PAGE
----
Charities mimic Wall Street to woo wealthy donors
By Michelle Nichols
NEW YORK (Reuters) - Charities are learning to mimic for-profit companies as a way to woo wealthy donors who see philanthropy as more than just a tax break and demand social returns on their investments, experts say.
Just speaking the language of Wall Street can make all the difference, said Cheryl Dorsey, president of non-profit Echoing Green, which awards start-up capital to social entrepreneurs.
"I marvel at what these Wall Street guys are giving us money to do," Dorsey told a panel discussion at the National Conference on Volunteering and Service. "If we framed it in traditional social justice terms, they would run from us."
But using traditional business terms to frame the goals, describe the impact of a nonprofit group and convince donors to fund their cause "really works," Dorsey said.
With a push toward so-called "giving while living" -- led by Bill Gates and Warren Buffett, who are asking fellow U.S. billionaires to give away at least half of their wealth -- rich donors are asking tough questions of charities before giving to ensure their investment will provide a social return.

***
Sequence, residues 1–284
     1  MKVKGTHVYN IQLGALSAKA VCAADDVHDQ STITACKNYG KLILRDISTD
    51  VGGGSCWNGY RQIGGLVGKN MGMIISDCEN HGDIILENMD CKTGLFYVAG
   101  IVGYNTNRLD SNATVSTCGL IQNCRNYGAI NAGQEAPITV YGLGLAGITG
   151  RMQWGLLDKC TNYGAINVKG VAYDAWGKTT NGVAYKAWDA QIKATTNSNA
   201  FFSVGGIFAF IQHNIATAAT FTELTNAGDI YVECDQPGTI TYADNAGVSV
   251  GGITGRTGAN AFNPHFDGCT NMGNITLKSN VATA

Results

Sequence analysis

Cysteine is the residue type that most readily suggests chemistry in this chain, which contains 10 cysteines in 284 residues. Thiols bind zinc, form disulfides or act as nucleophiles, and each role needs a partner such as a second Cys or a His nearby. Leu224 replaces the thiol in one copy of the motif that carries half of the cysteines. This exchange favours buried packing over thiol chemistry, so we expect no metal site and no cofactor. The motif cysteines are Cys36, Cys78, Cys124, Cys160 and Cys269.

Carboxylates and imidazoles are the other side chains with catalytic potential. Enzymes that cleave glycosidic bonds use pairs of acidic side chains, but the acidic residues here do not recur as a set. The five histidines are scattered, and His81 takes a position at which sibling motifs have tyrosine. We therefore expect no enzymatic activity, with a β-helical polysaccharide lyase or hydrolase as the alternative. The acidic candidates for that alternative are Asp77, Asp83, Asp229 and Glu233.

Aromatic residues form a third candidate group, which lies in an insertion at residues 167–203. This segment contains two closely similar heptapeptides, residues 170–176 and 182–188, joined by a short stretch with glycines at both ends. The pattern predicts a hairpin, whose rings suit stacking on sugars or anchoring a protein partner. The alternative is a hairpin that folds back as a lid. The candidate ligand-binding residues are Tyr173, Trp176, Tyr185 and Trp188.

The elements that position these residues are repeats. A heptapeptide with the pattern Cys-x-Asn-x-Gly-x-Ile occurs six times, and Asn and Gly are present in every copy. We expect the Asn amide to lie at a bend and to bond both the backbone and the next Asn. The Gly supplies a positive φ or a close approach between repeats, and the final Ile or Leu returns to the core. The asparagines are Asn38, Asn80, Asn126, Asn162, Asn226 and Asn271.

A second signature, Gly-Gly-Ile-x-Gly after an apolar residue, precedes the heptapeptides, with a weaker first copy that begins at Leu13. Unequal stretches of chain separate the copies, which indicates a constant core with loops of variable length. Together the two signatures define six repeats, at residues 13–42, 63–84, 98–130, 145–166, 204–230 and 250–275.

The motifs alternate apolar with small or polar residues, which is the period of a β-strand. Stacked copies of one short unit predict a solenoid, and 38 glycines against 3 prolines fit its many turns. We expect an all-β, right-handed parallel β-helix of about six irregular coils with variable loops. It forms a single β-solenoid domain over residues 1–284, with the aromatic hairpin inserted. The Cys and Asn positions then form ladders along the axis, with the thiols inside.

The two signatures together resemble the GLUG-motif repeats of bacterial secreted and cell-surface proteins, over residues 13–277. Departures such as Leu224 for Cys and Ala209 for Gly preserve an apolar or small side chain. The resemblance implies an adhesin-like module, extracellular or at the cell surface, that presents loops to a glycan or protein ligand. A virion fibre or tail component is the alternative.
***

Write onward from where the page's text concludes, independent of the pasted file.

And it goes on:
Individual Americans gave more than $227 billion to charity in 2009, according to a the Giving USA report by the Center on Philanthropy at Indiana University, while another $24 billion was bequeathed.
Philanthropists need to assess where to put their money, in a similar way to a private sector venture capitalist, said Jerry Hauser, chief executive The Management Center, which provides management advice to non-profit groups.
"Just asking the questions for the funders can be very powerful," he said. "It will ultimately help money flow to the right places. Continued...